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  • Writer's pictureMark Heathcote

Chimping - When to chimp, when not to chimp

Chimping drives me mad. I see amateur photographers constantly check their LCD every time they take a shot. I even see many pro photographers doing it too. I suppose it is human nature to receive instant gratification but there are many reasons not to do this, and one reason to do it occasionally. Here we go..

Reasons not to chimp

Chimping is when a photographer keeps checking their LCD to review the shot they have just taken. The first obvious reason not to chimp is that it drains your battery. If you are striving to be a great photographer then you will likely be walking the streets for hours. There is nothing more annoying than your battery dying mid shoot. Personally I like to squeeze every possible frame out of my battery. If I chimped after every shot then I would only get half as many frames. This battery maximisation is particularly important to me since I turn sleep mode to its longest setting. The reason for this (even though it clearly reduces my battery life) is that it is important to me that the camera responds immediately when I press the shutter.  That half second delay when a camera wakes up will sometimes mean missing a shot.

Reason number two: From what I have seen, people spend two or three seconds taking a shot, and then about 5 seconds reviewing it on screen. Why not use that 5 seconds to work the subject and take multiple frames. You cannot really tell a great deal from the LCD anyway. Shots I have looked at and thought were amazing turn out to not work once I see them full size. The problem is, because I was pleased with what I saw on the LCD, I stopped taking additional frames.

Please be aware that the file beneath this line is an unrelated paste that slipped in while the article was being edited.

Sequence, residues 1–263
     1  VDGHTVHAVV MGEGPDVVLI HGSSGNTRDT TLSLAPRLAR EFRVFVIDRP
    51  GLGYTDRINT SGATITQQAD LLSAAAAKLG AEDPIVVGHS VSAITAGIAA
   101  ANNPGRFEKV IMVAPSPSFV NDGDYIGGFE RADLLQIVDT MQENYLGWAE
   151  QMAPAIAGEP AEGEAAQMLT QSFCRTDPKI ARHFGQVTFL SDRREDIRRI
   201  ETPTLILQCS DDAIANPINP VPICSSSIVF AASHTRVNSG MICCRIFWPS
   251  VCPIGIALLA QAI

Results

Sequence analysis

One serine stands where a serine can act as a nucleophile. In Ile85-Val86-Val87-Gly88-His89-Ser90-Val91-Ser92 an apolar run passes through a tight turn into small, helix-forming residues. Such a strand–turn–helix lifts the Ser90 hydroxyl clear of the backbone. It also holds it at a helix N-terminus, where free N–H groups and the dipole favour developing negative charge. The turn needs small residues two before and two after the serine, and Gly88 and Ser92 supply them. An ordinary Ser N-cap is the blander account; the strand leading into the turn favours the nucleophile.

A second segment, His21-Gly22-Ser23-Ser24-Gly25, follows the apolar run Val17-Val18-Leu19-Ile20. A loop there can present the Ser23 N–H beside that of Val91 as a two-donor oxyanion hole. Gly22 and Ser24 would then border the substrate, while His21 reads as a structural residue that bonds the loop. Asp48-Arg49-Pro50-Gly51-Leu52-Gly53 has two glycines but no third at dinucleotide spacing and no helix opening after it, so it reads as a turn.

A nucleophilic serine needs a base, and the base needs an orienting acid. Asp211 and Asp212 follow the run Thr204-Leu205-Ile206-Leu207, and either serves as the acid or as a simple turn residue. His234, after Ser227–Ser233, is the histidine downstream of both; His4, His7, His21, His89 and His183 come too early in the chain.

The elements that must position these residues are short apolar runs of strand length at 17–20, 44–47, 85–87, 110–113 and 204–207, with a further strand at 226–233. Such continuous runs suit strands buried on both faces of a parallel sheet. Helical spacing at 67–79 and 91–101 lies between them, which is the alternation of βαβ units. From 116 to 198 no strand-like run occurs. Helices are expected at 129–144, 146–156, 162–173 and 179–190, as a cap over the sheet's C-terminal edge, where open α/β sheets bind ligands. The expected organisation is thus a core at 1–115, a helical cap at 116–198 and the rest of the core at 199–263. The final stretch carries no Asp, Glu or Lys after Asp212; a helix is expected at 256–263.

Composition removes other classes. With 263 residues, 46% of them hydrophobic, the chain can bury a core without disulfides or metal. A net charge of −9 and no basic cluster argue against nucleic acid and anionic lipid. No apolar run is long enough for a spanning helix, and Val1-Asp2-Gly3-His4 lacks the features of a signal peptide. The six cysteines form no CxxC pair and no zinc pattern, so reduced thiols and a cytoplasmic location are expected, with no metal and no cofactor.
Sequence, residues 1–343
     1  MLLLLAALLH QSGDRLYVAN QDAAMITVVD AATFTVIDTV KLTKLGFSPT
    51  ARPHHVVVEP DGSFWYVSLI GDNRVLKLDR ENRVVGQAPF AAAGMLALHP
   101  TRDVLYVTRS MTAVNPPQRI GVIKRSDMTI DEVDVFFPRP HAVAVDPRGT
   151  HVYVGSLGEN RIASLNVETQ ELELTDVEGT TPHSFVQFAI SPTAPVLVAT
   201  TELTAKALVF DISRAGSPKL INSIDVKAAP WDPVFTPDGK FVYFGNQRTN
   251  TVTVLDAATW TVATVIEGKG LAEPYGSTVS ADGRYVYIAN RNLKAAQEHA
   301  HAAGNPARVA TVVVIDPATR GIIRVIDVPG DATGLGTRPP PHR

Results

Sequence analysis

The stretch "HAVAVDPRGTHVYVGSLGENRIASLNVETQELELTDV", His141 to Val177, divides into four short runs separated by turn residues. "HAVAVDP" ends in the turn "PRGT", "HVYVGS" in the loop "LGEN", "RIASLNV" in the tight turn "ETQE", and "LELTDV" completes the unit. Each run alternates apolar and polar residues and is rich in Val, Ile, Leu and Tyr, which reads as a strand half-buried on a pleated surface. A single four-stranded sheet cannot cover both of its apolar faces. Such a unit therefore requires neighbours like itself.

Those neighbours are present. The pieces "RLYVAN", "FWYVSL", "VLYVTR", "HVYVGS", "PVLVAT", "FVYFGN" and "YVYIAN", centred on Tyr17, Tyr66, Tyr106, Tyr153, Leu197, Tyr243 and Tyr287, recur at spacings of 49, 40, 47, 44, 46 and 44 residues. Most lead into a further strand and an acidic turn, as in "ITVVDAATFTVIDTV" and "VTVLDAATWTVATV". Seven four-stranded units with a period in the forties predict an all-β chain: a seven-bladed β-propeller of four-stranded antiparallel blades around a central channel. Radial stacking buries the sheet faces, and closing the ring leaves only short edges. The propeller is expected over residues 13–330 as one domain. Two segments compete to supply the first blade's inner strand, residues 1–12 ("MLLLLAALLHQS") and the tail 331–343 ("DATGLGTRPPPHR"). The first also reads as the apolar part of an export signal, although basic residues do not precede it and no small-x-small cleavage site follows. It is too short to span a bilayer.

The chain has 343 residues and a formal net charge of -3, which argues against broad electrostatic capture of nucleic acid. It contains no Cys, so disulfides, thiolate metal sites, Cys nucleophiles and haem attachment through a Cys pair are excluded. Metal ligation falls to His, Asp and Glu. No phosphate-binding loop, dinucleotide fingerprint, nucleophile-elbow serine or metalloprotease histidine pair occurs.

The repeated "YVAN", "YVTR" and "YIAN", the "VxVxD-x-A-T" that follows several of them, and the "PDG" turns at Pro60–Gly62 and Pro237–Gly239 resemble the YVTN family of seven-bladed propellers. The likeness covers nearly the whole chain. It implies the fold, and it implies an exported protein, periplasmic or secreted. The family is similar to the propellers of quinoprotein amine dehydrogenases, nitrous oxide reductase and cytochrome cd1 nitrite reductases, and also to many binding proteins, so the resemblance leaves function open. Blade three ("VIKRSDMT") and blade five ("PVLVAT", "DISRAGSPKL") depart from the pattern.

If you simply refrain from chimping you will not only get better shots, you will also get a nice surprise when you review them later (like opening a Christmas present). Of course, most frames will be rubbish anyway (a bit like Christmas presents) but at least you have increased your chances.

A picture that has nothing to do with the article
A picture that has nothing to do with the article

Reason number three: It irritates me. I don't like seeing people doing it, so please stop. I put it in the same bracket as someone with a big expensive SLR, with massive lens walking around with the flash popping up in broad daylight.

There is only one valid reason to chimp.

Yes, I am grumpy about this, sorry; but there is a very valid reason to chimp from time to time (perhaps once every hour). I tend to shoot manual when it is a sunny day. I do this because I can set the camera up to expose correctly for the light, and then I don't need to worry about the camera automatically compensating for shadows or highlights when I don't want it to (I pretty much use the Sunny 16 rule - see here and here). The only problem with this is that occasionally I might knock my aperture ring off F8 or the light may start to fade towards the end of the day. So, I chimp maybe once an hour, but, I am only chimping to check my exposure on the histogram, I am not actually chimping to look at the image.

So, the moral of this story is to make me a happier photographer by not chimping (at least in front of me) and turn off your auto flash popup. Become a better photographer by trusting your instincts; resist the temptation to look at your LCD. Most of all, have fun.


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